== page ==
Polls consistently show our faith in institutions in steep decline. In particular, trust in Washington is at near-record lows because the current model is a “vending machine government,” a phrase Mele borrows from technologist Tim O’Reilly to describe public frustration. Politicians make promises, we pay taxes, and our participation is limited to “shaking the vending machine.”

    Instead, Mele writes, government should be considered a “platform” upon which individuals, organizations, and companies can build services and offerings that suit the times—flexible, transparent, and accountable.

    “Essentially, government as a platform presume that government should provide an underlying infrastructure and then let us build on top of that infrastructure in a wide variety of ways,” Mele writes. “It does not necessarily mean smaller government—but it does mean the end of Big Government, with many smaller units of government.”

    It also means new a new ethic of leadership. Mele would convene a constitutional convention (Thomas Jefferson imagined one every generation) to struggle with the questions of radical connectivity. “The reality of history has had precious few examples of democracy,” Mele said. “We’re a rarefied category—one that could use some more experimentation if it is to survive the digital age.”

    After devoting chapters to specific institutions—media, political parties, the entertainment industry, government, the military, and big business—Mele offers some broad solutions. They include demanding more thoughtful, inspirational leadership.

    He praises President Obama’s 2008 campaign for harnessing the power of the individual and radical connectivity to build a bottom-up movement. “Unfortunately, this impressive fusion of top-down leadership and distributed individual action across the network seemed to wilt once Obama actually came to occupy the White House,” he wrote.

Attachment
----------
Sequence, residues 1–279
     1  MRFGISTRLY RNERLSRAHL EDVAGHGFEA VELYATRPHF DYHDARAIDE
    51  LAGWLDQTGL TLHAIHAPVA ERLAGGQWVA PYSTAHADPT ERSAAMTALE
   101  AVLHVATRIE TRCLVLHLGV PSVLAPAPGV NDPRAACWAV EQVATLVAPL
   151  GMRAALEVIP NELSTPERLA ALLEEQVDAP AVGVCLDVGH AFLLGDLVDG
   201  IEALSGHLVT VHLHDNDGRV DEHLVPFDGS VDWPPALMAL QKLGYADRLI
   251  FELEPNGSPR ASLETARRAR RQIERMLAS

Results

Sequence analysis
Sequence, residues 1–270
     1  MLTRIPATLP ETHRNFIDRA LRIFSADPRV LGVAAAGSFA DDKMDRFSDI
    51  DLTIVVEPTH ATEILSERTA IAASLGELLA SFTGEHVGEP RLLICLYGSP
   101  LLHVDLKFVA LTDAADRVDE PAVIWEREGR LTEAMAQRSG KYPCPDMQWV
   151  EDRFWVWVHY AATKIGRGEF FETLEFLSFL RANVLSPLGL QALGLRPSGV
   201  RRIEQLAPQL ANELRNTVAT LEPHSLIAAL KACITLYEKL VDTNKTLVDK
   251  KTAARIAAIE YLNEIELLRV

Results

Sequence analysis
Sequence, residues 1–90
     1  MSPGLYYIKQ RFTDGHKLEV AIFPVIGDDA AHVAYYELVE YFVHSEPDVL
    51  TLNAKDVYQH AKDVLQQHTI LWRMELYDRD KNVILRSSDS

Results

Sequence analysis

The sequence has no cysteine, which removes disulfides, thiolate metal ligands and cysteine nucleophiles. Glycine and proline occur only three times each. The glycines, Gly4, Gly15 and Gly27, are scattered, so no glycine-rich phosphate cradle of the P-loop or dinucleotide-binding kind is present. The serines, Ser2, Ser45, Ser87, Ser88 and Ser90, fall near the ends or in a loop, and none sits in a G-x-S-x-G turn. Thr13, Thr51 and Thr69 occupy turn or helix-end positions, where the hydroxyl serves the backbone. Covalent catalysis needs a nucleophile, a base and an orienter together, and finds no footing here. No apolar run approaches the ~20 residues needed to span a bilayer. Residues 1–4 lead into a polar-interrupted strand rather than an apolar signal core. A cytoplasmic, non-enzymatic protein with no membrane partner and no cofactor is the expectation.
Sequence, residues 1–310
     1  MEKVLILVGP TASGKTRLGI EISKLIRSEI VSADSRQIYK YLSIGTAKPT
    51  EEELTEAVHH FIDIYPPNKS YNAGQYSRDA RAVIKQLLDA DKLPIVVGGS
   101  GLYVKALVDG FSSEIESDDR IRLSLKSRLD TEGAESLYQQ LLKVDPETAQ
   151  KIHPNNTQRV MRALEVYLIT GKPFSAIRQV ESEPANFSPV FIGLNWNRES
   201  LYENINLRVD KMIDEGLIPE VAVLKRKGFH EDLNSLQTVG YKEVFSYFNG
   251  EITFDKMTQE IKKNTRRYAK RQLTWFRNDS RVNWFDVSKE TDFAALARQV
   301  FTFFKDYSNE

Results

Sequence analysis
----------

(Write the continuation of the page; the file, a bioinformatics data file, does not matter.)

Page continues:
“The reason for that is clear: The institutions of Washington, D.C.—namely the executive branch and the Democratic National Committee—are not nearly as flexible and malleable as political campaigns are.”

    That assessment made me think of Whitmire who told me a year ago that he had voted for Obama in 2008 but had grown disappointed. “It’s not all his fault. He’s got a lot aligned against him,” Whitmire said at the time. “The system is set up for our leaders to fail.”

    Coincidentally, while I was writing this book review, Whitmire e-mailed me to say his mortgage company, out of the blue, “gave me my house back and released the lien off it for some reason … after everything they put me through.”

    Whitmire is not sure why. Mortgage company paperwork mentions a federal loan-forgiveness program, he said, but Whitmire suspects he got special treatment because of media attention.

    He is grateful. But he is skeptical, too: His credit is still a mess, he is still unemployed, and “our government still doesn’t much work. Hopefully, there’s other people in my situation who got their houses back after the government and banks did them wrong,” he said in a telephone interview from his new-old home. “But, somehow, these days, you’ve just got to doubt it. Sadly, I doubt it.”

    As Mele might say: Until we end big, there will be no end of doubt.

    (Image via Tim Mainiero/


    By Ron Fournier

    April 22, 2013

  • #178201

    Amanda Parker

    I have a family member who would likely agree with most of this article, except to say that it doesn’t go far enough. He is so distrustful of government he believes that we really ought not to have one. While many of his views are extreme, when I engage him in discussion he says some insightful things. One example that this article reminded me of had to do with public works projects.